With such a rich culture and storied past, Nashville is bound to have its own slang. It’s a famously friendly town, but like anywhere, you’ll have the best experience if you at least try to learn the local language. Here are 15 terms to give you a leg up.
In a city known for its Southern food, hot chicken might be the most definitively Nashville dish of them all. The recipe dates back to the 1930s, when a man named Thornton Prince made his girlfriend angry enough to serve him fried chicken slathered in what she probably hoped was a punishing amount of cayenne pepper and chili powder. Prince loved it, and soon Prince’s Hot Chicken was born. In her fascinating cultural history of the dish, Rachel Louise Martin points out that, for decades, hot chicken was almost exclusively enjoyed by Nashville’s Black community—it wasn’t until the dish was featured at a 2007 food festival that the rest of the city caught on.
The term unicorn is often used to describe something unusual or even unique, and that holds true in Nashville, where it’s slang for one of the rarest of all local fauna: a Nashvillian who was actually born in Nashville.
The Batman Building is a local nickname for the AT&T Tower in downtown Nashville. It’s the tallest building in Tennessee and easily the most distinctive feature of Nashville’s skyline. Its architect swears he didn’t mean to build a 617-foot, 33-story model of Batman’s cowl—it just sort of worked out that way.
The Mother Church of Country Music is the Ryman Auditorium, Nashville’s most beloved concert venue. The Ryman was home to the Grand Ole Opry from 1943 until 1974, but its history isn’t limited to country music icons. Susan B. Anthony, Booker T. Washington, Sarah Bernhardt, Theodore Roosevelt, Helen Keller, Anna Pavlova, Charlie Chaplin, Harry Houdini, Marian Anderson, Katherine Hepburn, and Jackie Robinson have all appeared on the Ryman’s legendary stage.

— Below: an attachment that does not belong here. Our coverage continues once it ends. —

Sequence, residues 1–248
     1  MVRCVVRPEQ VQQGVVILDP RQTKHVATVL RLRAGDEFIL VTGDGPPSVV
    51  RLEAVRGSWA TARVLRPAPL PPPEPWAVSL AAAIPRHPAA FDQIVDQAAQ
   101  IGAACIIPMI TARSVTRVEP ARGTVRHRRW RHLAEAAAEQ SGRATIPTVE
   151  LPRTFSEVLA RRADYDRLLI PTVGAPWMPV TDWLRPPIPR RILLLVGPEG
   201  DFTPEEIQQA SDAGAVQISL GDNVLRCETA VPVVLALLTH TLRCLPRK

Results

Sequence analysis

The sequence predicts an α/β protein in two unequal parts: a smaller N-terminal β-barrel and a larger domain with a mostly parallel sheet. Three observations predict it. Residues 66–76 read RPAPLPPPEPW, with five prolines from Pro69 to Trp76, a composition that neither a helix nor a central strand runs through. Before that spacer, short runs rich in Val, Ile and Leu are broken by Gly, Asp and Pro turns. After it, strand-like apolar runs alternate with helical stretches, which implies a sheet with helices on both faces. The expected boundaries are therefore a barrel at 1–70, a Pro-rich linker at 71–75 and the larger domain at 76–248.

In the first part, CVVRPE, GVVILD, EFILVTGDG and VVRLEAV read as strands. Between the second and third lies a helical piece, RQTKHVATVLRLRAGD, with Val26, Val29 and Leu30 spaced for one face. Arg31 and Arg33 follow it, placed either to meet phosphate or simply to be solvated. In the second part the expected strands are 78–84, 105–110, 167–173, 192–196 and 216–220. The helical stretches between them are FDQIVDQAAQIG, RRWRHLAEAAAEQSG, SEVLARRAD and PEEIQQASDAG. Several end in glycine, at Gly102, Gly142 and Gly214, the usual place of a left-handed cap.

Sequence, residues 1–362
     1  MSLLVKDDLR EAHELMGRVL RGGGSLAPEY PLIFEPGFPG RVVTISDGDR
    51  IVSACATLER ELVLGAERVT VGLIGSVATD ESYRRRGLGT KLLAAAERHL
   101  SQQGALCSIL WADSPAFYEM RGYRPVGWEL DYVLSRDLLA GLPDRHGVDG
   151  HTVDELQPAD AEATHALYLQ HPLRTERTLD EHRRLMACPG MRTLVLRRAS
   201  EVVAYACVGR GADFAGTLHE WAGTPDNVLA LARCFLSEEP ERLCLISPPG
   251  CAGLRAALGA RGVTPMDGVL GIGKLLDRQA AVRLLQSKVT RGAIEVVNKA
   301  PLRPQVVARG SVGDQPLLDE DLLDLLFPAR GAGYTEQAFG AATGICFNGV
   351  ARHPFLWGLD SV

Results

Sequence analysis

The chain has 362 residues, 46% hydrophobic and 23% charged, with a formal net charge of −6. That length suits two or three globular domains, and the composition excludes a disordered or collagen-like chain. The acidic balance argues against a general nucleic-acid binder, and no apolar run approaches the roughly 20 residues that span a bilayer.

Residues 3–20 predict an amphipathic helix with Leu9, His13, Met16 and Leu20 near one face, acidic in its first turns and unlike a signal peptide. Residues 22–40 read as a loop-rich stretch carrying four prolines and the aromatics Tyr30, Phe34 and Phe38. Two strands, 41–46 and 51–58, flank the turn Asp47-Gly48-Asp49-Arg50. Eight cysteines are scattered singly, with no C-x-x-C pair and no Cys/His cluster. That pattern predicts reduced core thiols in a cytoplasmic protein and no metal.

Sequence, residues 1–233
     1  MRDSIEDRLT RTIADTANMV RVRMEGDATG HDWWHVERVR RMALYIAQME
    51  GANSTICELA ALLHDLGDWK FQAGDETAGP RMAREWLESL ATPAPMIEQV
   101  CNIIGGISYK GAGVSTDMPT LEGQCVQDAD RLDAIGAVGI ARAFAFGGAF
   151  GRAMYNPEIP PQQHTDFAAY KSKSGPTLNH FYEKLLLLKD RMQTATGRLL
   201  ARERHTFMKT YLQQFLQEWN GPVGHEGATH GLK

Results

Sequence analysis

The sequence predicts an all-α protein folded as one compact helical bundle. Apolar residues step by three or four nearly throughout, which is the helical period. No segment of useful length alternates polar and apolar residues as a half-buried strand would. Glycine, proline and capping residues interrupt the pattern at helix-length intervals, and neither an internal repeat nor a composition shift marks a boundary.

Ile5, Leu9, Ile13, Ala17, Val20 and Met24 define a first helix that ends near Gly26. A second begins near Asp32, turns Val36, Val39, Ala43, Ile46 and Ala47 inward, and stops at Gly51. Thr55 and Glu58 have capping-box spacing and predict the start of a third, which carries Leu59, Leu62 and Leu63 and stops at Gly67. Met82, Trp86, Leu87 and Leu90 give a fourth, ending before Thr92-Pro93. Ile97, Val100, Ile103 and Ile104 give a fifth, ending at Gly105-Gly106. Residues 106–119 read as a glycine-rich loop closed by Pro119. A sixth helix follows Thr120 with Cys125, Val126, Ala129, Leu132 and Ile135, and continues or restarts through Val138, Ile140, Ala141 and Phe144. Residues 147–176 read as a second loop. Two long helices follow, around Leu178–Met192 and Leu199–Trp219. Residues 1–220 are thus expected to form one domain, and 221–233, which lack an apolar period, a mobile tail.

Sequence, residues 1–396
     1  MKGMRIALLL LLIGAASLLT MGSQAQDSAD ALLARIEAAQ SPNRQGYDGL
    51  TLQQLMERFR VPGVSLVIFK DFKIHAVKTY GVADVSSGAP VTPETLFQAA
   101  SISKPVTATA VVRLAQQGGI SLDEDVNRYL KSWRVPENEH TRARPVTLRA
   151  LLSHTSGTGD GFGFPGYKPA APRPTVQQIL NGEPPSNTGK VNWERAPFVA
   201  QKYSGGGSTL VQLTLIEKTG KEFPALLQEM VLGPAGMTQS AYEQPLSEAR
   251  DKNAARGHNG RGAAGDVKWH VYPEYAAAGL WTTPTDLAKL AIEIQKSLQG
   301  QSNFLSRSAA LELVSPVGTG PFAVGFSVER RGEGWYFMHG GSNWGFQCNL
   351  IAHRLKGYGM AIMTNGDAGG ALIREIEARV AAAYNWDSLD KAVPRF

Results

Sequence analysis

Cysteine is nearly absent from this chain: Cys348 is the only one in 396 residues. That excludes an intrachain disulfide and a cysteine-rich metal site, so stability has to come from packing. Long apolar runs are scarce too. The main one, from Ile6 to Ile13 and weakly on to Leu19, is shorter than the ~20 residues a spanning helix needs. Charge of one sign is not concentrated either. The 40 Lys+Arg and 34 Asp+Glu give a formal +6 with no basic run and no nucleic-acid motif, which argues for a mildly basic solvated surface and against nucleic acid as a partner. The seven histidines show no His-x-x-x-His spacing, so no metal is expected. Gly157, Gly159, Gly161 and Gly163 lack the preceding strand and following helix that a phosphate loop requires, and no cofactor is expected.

Tennessee probably isn’t the first state that comes to mind when you think of hockey, but the Nashville Predators—or the Preds, if you’re a local—have one of the most enthusiastic fanbases in the NHL. And while Nashvillians usually live up to the South’s reputation for hospitality and friendliness, all bets are off when the Preds are on the ice. Fans show their devotion with famously aggressive chants, including “He shoots! He scores! You suck!” and “We’re going to beat the hell out of you!” (The second one is sung to the tune of Nashville-based rockers the Black Keys’s “Gold on the Ceiling.”)
Loretta Lynn offered her rivals a guided tour of “Fist City”; the Preds take their opponents to Smashville. This can refer to the Bridgestone Arena in downtown Nashville, where the team plays its home games. But really, it’s anywhere the Predators can find a chunk of ice to skate on and a puck (or an opposing team) to swing a stick at.
This one can either be a noun or a verb. A honky-tonk is a live music venue that keeps the drinks coming, and Nashville has so many of them that a stretch of the main drag, Lower Broadway, is known as “Honky-tonk Highway.”
Honky-tonkin’, meanwhile, is the act of visiting several honky-tonks in succession. Country is usually the genre of choice in a honky-tonk, but you’ll also hear rock, blues, and even some jazz. There’s usually no cover charge, but it’s customary to tip the musicians, so you’ll want to have cash on hand.
Hang out in a Nashville honky-tonk long enough—about five minutes should do it—and you’re going to hear someone shout some version of “Time for a holler and a swaller!” It’s your cue to yell whatever you want to yell and throw back a shot. Think of it as a Nashville toast.